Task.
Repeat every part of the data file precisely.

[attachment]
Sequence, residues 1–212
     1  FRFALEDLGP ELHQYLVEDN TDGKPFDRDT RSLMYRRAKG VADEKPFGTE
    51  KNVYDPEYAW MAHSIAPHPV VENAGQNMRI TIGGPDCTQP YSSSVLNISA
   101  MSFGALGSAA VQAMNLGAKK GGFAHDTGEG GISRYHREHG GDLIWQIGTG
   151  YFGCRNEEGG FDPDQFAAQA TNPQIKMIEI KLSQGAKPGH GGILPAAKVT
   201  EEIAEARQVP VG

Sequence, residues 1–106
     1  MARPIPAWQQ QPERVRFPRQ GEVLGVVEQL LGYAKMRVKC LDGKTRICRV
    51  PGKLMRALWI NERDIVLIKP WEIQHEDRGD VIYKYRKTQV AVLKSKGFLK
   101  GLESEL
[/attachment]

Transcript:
Sequence, residues 1–212
     1  FRFALEDLGP ELHQYLVEDN TDGKPFDRDT RSLMYRRAKG VADEKPFGTE
    51  KNVYDPEYAW MAHSIAPHPV VENAGQNMRI TIGGPDCTQP YSSSVLNISA
   101  MSFGALGSAA VQAMNLGAKK GGFAHDTGEG GISRYHREHG GDLIWQIGTG
   151  YFGCRNEEGG FDPDQFAAQA TNPQIKMIEI KLSQGAKPGH GGILPAAKVT
   201  EEIAEARQVP VG

Sequence, residues 1–106
     1  MARPIPAWQQ QPERVRFPRQ GEVLGVVEQL LGYAKMRVKC LDGKTRICRV
    51  PGKLMRALWI NERDIVLIKP WEIQHEDRGD VIYKYRKTQV AVLKSKGFLK
   101  GLESEL